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Tyres

Those round black things are the most important single safety feature of your car.  You can have the best brakes, suspension and steering in the world, but none of it will make any difference unless your tyres grip the road.  Imagine driving a Ferrari in snow if you don't believe me.

For the motorist on a tight budget, a set of tyres can represent a pretty major chunk of expenditure.  Four new tyres are unlikely to leave you much change from £100, even for the smallest and most basic car.  Get into bigger and more exotic bangers, such as old BMWs, and you can find yourself being quoted more for new tyres than you paid for the vehicle in the first place. 

Choosing tyres can be a tricky business, so I decided to put together a short guide on how to save money on rubber without risking an accident.  But first, a few safety tips.  The minimum legal tread on a tyre is 1.6 millimeters over the central three quarters of the tyre, and visible tread on the remainder.  Frankly, this is not enough.  A tyre with this little tread will have about as much wet weather grip as an ice cube.  Change your tyres when the tread gets down to 2mm, and live longer.  Tyres should not have any cuts or bulges in the sidewalls, and they should not appear perished.  Nor should there be any bits of tread missing.  Ignore this and you could have a high-speed blowout, which is too scary to think about.  Don't fit larger tyres than the car was designed for (they might rub against the suspension, or come off the wheels) and check your tyre pressures once a week.

Plenty of tread, but cracked and bulging sidewalls mean that this tyre (a relic from Communist East Germany) is scrap

So, what kind of tyres should you be fitting?

Scrapyard tyres: Always the cheapest place to buy tyres, but be careful.  Scrapyard tyres are only worth buying if they are top quality tyres by a reputable maker, have lots of tread, no evidence of impact damage, cuts or scuffs, and come with a guarantee of some sort.  Unless the tyres are already on the right sort of wheel for your car, you will need to have them fitted and balanced (typically £5 per tyre, unless the scrapyard can fit them for you).  Choice tends to be limited, as most scrap cars do not have decent tyres on them, and you may struggle to find a matched pair of tyres if that is what you need. 

Remoulds: These are used tyres, which have been fitted with a new tread using a special process.  Remoulds got a bad reputation many years ago as the new tread tended to part company with the tyre at speed, but there is now a British Standard for manufacture, and a remould is no more likely to fail than a new tyre.  They tend not to last as long as new tyres, being made of a softer rubber, but worth considering if you only do a few thousand miles a year.  Rally drivers use them, which should be reassuring.  Disposing of old tyres is a major environmental problem, so in buying recycled tyres (which is what remoulds are) you are doing your bit to save the planet.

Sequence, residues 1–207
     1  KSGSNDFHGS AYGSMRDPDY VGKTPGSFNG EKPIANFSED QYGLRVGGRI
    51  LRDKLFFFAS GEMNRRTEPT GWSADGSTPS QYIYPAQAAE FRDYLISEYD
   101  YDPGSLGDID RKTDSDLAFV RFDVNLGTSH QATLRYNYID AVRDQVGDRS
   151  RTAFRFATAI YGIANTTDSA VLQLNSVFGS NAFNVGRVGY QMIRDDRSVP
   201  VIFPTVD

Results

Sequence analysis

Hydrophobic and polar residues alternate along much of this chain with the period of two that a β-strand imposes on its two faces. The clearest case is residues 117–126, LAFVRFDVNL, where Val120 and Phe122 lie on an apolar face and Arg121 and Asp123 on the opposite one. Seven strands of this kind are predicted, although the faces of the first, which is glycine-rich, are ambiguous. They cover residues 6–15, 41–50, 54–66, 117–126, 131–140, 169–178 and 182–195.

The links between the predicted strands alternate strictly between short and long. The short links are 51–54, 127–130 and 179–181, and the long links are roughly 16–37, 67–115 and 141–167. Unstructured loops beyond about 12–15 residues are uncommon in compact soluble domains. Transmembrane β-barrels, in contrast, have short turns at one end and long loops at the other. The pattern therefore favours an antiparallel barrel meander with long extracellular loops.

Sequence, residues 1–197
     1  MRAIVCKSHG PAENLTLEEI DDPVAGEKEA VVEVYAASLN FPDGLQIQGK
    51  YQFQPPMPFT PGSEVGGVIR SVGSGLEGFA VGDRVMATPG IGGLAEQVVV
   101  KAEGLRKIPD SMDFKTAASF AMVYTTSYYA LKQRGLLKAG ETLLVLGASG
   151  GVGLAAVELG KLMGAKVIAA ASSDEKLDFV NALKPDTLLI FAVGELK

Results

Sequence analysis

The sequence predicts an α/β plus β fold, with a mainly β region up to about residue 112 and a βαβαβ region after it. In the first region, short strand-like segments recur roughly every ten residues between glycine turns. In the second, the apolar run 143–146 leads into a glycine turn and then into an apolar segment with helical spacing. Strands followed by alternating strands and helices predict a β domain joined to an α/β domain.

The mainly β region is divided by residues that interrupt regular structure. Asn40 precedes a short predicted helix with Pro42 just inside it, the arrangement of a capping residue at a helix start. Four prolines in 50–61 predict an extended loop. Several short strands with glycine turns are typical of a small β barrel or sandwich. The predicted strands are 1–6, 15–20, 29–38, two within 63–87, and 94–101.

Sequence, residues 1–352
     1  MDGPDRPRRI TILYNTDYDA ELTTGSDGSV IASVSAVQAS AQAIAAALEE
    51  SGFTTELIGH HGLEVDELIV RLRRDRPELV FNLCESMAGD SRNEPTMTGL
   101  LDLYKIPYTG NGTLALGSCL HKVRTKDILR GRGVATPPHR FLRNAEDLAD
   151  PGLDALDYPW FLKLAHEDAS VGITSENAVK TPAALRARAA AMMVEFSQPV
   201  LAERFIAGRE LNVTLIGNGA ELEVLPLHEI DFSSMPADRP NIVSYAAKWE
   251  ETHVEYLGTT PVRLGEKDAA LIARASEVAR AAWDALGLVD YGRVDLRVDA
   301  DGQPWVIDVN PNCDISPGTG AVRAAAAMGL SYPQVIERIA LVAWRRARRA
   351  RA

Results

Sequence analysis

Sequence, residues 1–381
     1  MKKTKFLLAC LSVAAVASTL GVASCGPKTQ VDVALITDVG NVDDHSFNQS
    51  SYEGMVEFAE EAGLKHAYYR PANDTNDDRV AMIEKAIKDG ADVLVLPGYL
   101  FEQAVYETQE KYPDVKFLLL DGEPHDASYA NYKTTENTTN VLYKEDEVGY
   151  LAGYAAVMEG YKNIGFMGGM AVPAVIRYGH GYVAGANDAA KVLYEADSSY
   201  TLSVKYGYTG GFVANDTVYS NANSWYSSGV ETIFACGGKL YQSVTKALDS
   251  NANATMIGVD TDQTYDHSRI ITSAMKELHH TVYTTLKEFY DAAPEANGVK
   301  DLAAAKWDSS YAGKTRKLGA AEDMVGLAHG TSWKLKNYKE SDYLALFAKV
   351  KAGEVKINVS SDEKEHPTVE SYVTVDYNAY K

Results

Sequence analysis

'Budget' tyres: Most tyre suppliers now seem to have about half a dozen 'budget' brands.  Some of the larger chains have their own brand tyres made for them by the big tyre companies.  Most of the major manufacturers have their own budget brands, such as Courier (made by Pirelli).  Otherwise, budget tyres tend to be of East European or Far Eastern origin, made by a company you are unlikely to have heard of and probably cannot pronounce.  These tyres are perfectly adequate for the average motorist, but tend not to grip or wear quite as well as tyres from the major manufacturers.  For this reason, if you have a high performance car and tend to drive briskly, it might be worth paying the extra for big brand tyres.  If you have a particularly exotic old car, you may find that the tyre size is so uncommon that the budget manufacturers do not bother to make it.

Reader Stu Mcilwain wrote in with the following:

NanKang tyres are old Bridgestones, with some of the low profile variants having the exact same tread pattern and rubber as  the Potenzas on my father's Lexus. They feel fine on the road, wet or dry and cost me £172 for four 225/50/16s for my Ford Probe.  Can't complain.

Major manufacturers: These are the companies such as Dunlop, Pirelli and Michelin which everyone has heard of, thanks to TV and newspaper advertising.  They are constantly developing new tyre technologies, so if you want the latest in safety, buy here.  Big brand tyres tend to last longer than cheaper ones, so worth paying the extra if you plan to do a lot of miles.  Prices can vary quite widely from one supplier to another, so shop around for the best price - the tyres will be exactly the same whether you buy them from a Rolls Royce dealer or Kwikfit.

Metric tyres: Rather oddly, despite metric measurements having taken over in most areas, wheel diameters are still quoted in inches.  Thus a 155R13 tyre is 155 millimetres wide, and fits a 13 inch wheel.  A couple of car manufacturers (Austin Rover and BMW) tried to introduce metric tyres in the 1980s, and if you own a car with these tyres you will know what a pain they are.  As so few cars have them, they are usually double the price of the non-metric equivalent (which will not fit on the metric rims).  So if you have a Metro, Maestro, Montego or BMW with metric tyres which are near the limit of wear, go to your local scrapyard and see if you can pick up a set of non metric wheels cheaply.  They will bolt on in place of the metric ones, and you will almost certainly save more on the cost of one set of tyres than you spent on the wheels.

 

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